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Catching Our Eye:
Pharm out, man. The Columbus Dispatch’s Marty Schladen is reporting, “‘Business negotiations’ result in Ohio’s Medicaid network losing 272 pharmacies.”
“Ohio Medicaid Director Maureen Corcoran says she was told that both CVS and Walgreens demanded last year that the other be excluded from the network of the state’s largest managed-care provider — a statement both deny.
“Despite months of questions about the matter, it was the first time the state’s Medicaid chief acknowledged that she had been told that both pharmacy giants had demanded cuts to the provider network as the price of doing business with the federal-state health-care program. She also said it was hearsay…
“But Corcoran expresses disinterest in negotiations that have slashed 272 pharmacies from a network that serves almost 3 million poor Ohioans.”
Turn on, tune in, drop out. Cleveland.com’s Patrick O’Donnell is reporting, “Millions of tax dollars at stake in debate over dropout schools.”
“How the state should regulate schools that serve some of its neediest students, those who have dropped out of school or are in danger of leaving, has flared yet again into political jockeying with millions of tax dollars at stake.
“A new proposal to ease rules for so-called Dropout Prevention and Recovery Schools, in the name of giving them leeway to work with troubled students, drew strong opposition last week from the Ohio Department of Education and state school board…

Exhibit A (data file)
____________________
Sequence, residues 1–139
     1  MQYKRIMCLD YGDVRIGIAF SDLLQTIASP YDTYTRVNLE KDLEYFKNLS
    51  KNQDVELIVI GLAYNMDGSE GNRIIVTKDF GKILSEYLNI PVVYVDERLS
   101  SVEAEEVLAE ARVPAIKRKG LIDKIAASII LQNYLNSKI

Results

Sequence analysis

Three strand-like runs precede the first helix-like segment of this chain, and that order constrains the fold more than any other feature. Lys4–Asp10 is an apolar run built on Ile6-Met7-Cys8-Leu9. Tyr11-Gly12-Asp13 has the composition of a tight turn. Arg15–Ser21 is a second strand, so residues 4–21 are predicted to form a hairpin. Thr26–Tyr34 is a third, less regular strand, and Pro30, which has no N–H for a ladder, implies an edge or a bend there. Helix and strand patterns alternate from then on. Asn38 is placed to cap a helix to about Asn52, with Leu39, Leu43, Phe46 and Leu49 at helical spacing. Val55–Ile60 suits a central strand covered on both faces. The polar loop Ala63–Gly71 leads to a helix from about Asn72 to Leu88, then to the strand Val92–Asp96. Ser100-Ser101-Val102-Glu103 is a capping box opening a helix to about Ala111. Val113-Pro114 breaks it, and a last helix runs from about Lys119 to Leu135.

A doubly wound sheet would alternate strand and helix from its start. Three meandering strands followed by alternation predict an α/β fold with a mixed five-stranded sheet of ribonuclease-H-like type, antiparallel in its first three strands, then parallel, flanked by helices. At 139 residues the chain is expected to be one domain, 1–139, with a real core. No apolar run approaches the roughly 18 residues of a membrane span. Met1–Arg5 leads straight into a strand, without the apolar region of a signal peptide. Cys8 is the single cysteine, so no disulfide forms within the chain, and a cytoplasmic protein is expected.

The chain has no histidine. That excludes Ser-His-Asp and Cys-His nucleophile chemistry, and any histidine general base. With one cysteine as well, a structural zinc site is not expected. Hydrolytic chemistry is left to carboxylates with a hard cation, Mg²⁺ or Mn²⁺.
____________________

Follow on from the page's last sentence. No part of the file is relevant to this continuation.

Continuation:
“State Superintendent Paolo DeMaria blasted the proposal in a memo to the board, worrying it would open the door for abuses that have plagued the schools in the past. ‘The recommendations would roll back a number of important policy and regulatory features that reflect meaningful and reasonable mechanisms to promote quality and accountability,’ DeMaria wrote.”
The fate of Affordable Care Act won’t be known until after 2020 election. Axios’ Sam Baker is reporting that the U.S. “Supreme Court won’t fast-track Affordable Care Act case.”
“The Supreme Court said Monday that it won’t speed up a lawsuit that aims to strike down the entire Affordable Care Act. The law’s defenders had asked the high court to step in earlier than usual, but the justices opted to let the normal appeals process run its course instead.
“Why it matters: This unsurprising move all but ensures that the court won’t decide the ACA’s fate until after the 2020 presidential election. If the justices ultimately do strike down all or part of the health care law, President Tump won’t have to answer for the ensuing disruption during a campaign — and it could end up being his successor’s mess to clean up.”
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